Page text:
School committees in Massachusetts have an opportunity this month to accelerate progress towards key education reforms sought by employers.
How? By choosing to adopt the new assessment developed by the Partnership for the Assessment of Readiness for College and Careers (PARCC) in place of the increasingly outdated MCAS instrument at the high school level. The new evaluation system was field-tested across the state earlier this year.
AIM supports the efforts of state education officials to extend standards-based reform with an assessment system that will facilitate better evaluation of schools and educators, target support to students' individual needs, and benchmark to interstate and international standards.
PARCC differs from MCAS by enabling schools to assess student achievement on a yearly basis, and to carry it beyond the tenth- grade level where MCAS ends. It will also facilitate interstate comparison of educational effectiveness.
Through its participation and leadership in the PARCC consortium, Massachusetts has joined with other states to create uniform standards developed at the initiative of governors and state education leaders. Working together, the cooperating states are putting in place a system superior to any could have achieved on their own, at much less cost.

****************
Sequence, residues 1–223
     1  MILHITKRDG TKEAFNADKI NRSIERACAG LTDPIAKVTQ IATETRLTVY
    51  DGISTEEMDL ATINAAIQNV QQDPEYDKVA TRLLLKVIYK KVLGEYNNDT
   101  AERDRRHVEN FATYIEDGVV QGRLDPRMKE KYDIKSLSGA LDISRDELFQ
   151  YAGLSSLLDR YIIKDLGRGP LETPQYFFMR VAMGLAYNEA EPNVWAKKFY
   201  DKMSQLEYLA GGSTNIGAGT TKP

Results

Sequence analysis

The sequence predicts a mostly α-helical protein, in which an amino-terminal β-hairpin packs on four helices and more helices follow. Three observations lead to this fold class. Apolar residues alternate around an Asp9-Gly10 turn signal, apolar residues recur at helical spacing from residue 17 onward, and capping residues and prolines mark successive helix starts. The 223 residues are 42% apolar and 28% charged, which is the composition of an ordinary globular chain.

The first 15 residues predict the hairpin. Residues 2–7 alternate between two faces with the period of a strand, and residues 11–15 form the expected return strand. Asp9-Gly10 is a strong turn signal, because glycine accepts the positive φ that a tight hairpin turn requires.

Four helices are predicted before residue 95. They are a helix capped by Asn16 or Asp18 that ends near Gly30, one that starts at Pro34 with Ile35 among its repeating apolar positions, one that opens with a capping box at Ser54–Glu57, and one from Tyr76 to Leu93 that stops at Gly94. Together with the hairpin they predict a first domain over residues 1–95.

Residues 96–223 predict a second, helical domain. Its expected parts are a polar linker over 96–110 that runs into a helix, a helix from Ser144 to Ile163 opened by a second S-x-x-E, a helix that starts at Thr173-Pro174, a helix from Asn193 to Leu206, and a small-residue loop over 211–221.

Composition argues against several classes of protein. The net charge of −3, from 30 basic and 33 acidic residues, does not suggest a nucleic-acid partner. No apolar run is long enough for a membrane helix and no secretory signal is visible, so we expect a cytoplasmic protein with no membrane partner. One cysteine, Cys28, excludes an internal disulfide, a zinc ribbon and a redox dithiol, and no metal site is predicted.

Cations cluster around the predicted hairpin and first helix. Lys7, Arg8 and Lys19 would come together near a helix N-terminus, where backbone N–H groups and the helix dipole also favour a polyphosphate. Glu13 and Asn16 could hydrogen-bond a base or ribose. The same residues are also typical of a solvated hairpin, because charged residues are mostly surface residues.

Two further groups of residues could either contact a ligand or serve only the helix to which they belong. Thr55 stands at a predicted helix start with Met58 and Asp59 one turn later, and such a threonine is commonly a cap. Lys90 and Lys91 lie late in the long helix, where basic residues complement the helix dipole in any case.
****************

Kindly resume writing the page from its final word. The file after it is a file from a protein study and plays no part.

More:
As a result, we can begin to achieve the goals for our schools identified in a recent survey of Massachusetts employers co-sponsored by AIM: national and global standards, a culture of continuous improvement, sound preparation for both further education and the modern workplace, and a comprehensive assessment system as promised in the Education Reform Act of 1993.
The future of our economy depends on our ability and willingness to build on two decades of successful K-12 public school reform to maintain the national leadership and global competitiveness of our education system. We urge members of the employer community who serve, or have influence, on district school committees to support a timely transition to the PARCC assessment.